COVID-19 | Michigan Radio


As confirmed cases of COVID-19 surge in Michigan, Michigan Radio will be tracking stories about the people impacted, how our healthcare system is faring, what it means for our economy, and more. You can find all of our latest coverage below, or click here to see the latest update of COVID-19 cases and deaths. The feed below also includes national coverage of COVID-19 from NPR.

This is ongoing coverage. 

Helpful posts:

Have you been affected by coronavirus? We want to hear from you. Submit a tip.

Lester Graham / Michigan Radio

The University of Michigan’s Big House is now a vaccination clinic. The football stadium that can hold more than 100,000 fans is, right now, center stage for vaccinating Michigan Medicine healthcare workers.

The healthcare system has been vaccinating frontline workers every day since December 21 at the main hospital in Ann Arbor, but it needed more space.

Spectrum Health

Local health leaders say they expect the pace of COVID vaccinations to speed up in the coming weeks.

As of Tuesday, 86,626 people had received the first dose of a vaccine in Michigan. But that’s out of nearly 338,000 doses that have been distributed, according to the state’s vaccine dashboard.

Some local health leaders say they’ve purposely gone slow in the first weeks, because the virus requires two shots, weeks apart.

City of Dearborn Heights / via Facebook

Dearborn Heights Mayor Daniel Paletko has died from COVID-19 complications, the city confirmed on  social media Tuesday night, calling his death “sudden.”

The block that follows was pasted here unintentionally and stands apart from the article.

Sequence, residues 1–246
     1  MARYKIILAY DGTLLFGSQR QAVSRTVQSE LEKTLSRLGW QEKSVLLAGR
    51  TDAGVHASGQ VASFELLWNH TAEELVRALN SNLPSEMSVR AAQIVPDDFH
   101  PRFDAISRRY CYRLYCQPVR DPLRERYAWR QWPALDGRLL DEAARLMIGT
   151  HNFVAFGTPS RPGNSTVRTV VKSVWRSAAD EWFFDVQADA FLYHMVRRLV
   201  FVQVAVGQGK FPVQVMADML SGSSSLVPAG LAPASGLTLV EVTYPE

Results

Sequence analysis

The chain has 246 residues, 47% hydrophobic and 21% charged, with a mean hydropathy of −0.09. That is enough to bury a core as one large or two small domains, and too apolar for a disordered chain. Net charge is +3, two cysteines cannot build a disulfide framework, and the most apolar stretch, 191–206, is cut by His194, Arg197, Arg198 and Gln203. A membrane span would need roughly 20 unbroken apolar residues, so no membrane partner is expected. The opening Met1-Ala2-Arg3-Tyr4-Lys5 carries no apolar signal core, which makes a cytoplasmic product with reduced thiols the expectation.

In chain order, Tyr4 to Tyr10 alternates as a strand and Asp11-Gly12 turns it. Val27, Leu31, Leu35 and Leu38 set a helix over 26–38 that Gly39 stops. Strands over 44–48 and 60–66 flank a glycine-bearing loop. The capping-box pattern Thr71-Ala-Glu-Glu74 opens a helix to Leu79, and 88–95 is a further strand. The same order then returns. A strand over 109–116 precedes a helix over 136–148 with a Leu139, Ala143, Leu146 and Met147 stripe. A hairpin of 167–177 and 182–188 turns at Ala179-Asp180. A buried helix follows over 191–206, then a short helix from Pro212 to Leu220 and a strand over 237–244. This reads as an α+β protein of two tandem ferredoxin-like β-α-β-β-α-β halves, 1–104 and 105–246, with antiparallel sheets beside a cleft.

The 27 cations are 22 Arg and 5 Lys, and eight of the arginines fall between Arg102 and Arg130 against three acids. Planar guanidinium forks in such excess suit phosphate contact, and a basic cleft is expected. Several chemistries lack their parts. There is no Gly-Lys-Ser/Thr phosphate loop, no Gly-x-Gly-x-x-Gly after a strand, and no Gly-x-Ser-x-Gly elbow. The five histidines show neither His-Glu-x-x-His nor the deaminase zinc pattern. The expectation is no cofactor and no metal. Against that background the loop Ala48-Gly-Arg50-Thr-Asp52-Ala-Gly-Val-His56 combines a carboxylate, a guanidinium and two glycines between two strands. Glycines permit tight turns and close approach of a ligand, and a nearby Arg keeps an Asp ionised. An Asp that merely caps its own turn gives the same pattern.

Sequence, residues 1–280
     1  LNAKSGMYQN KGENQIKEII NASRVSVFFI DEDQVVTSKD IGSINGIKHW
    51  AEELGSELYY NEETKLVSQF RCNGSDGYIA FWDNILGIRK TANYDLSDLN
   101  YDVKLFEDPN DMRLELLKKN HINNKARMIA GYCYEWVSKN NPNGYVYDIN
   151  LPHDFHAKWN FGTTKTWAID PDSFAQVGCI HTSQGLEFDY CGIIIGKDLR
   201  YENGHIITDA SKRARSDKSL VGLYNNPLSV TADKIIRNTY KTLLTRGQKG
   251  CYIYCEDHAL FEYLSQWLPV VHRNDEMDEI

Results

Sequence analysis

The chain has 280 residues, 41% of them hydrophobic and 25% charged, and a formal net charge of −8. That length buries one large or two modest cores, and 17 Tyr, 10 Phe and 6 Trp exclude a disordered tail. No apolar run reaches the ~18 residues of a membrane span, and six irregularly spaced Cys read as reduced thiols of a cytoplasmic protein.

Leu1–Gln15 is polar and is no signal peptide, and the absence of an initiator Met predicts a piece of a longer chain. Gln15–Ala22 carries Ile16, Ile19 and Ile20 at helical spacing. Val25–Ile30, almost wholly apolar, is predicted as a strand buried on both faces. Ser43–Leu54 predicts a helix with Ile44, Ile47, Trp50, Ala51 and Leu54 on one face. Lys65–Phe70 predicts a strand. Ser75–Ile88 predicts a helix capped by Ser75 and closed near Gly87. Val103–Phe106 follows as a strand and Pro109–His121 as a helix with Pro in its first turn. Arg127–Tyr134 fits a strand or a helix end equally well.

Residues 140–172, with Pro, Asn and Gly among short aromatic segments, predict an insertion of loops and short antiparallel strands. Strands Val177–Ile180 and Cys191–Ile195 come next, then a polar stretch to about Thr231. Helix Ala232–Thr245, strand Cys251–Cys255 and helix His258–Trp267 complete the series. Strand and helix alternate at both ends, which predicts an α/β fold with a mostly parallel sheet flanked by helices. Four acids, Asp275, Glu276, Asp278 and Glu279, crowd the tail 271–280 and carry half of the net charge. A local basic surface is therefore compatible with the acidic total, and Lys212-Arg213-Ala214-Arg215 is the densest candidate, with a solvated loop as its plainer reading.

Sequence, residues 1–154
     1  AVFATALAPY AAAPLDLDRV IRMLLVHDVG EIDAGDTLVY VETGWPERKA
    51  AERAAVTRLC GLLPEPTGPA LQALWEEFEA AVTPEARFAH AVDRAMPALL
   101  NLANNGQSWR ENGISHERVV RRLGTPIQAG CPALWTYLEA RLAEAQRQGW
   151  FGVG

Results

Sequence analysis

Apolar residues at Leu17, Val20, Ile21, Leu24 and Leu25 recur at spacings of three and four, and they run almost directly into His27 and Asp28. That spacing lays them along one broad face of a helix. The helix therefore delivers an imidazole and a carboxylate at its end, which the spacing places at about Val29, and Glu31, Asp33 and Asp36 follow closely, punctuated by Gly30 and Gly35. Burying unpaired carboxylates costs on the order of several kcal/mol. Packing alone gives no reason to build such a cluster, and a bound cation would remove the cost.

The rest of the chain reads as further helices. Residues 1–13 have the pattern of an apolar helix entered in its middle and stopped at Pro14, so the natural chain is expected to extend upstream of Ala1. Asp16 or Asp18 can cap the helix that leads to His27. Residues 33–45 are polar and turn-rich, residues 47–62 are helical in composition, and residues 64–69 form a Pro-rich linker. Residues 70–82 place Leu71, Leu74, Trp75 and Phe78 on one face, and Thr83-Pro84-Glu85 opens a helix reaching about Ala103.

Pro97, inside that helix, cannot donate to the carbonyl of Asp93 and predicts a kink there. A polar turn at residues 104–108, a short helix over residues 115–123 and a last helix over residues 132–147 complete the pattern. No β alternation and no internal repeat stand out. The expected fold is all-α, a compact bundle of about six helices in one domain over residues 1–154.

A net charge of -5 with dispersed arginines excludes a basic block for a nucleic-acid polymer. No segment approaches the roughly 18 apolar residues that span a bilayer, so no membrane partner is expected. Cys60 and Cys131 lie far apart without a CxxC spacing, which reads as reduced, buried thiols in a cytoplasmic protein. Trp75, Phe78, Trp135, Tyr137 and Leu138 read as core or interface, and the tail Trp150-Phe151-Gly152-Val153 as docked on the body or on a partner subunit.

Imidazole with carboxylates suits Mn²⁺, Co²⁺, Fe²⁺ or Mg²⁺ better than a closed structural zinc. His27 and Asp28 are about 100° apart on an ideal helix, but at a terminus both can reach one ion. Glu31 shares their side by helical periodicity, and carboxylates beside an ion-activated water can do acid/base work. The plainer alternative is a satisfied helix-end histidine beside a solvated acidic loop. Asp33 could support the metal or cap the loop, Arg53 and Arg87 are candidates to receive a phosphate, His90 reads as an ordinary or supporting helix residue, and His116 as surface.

Paletko was 70 years old. He had served as Dearborn Heights mayor since 2004, and also served in the Michigan State House of Representatives.

Jacek Dylag for Unsplash

First, it was gyms. Now, it’s bars, restaurants, and even a donut shop. For Lansing attorney Dave Kallman, representing the small businesses that have had their liquor licenses suspended, been cited by the health department, or in the donut shop owner’s case, been criminally charged for allegedly violating the state’s COVID-19 orders, has become a bit of a cottage industry.

“They're really attacking these people big time, and going right for their ability to operate and be a business,” Kallman said by phone last week.

stateside blue and green logo with host april baer
Chettara T. Photography

If you didn't know already, our daily show, Stateside, recently revamped their sound to bring the important stories around our state into focus. Whether it’s the latest political news, interviews with artists and musicians,  or stories that just make you feel a little more connected to people around the state, the goal of the new podcast is to help you understand what's going on in Michigan, one conversation at a time. 

A vial of Pfizer's mRNA COVID-19 vaccine
University of Maryland School of Medicine

Dustin Dwyer / Michigan Radio

This year has changed everyone’s lives in so many ways. But for those who have lost loved ones to COVID-19, battled the disease themselves, or worked on the front lines, 2020 has been a tragedy.

Michigan Radio has been telling the stories of those we lost, those who fought, and those who survived this year. Here are some of those stories:

Wayne County

Mourners paid their respects to the late former Wayne County Sheriff Benny Napoleon at a Detroit funeral home on Monday.

Napoleon died earlier this month after contracting COVID-19. He was 65.


More than 5,000 long-term care facilities in Michigan are expected to receive the Moderna vaccine from either CVS Pharmacy or Walgreens in the coming weeks, according to the Michigan Department of Health and Human Services.

Through a partnership with the U.S. Centers for Disease Control and Prevention, the pharmacy chains will set up three vaccination clinics at each enrolled site over a 12-week period.

Paulette Parker / Michigan Radio

There was no shortage of news in 2020. It felt like major stories were breaking daily, not only across the globe, but right here in Michigan. Narrowing down all of those major stories to a list of 10 was no easy task. But here are some of the biggest stories that came out of Michigan this year that you may have missed.